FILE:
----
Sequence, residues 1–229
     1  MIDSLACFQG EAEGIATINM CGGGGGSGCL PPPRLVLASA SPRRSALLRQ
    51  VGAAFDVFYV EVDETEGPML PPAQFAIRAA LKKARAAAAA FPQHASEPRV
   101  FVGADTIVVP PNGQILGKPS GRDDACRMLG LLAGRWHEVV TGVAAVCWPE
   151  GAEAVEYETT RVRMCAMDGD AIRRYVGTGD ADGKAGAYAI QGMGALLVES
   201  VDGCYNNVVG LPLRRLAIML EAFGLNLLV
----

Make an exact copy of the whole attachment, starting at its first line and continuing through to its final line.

Sequence, residues 1–229
     1  MIDSLACFQG EAEGIATINM CGGGGGSGCL PPPRLVLASA SPRRSALLRQ
    51  VGAAFDVFYV EVDETEGPML PPAQFAIRAA LKKARAAAAA FPQHASEPRV
   101  FVGADTIVVP PNGQILGKPS GRDDACRMLG LLAGRWHEVV TGVAAVCWPE
   151  GAEAVEYETT RVRMCAMDGD AIRRYVGTGD ADGKAGAYAI QGMGALLVES
   201  VDGCYNNVVG LPLRRLAIML EAFGLNLLV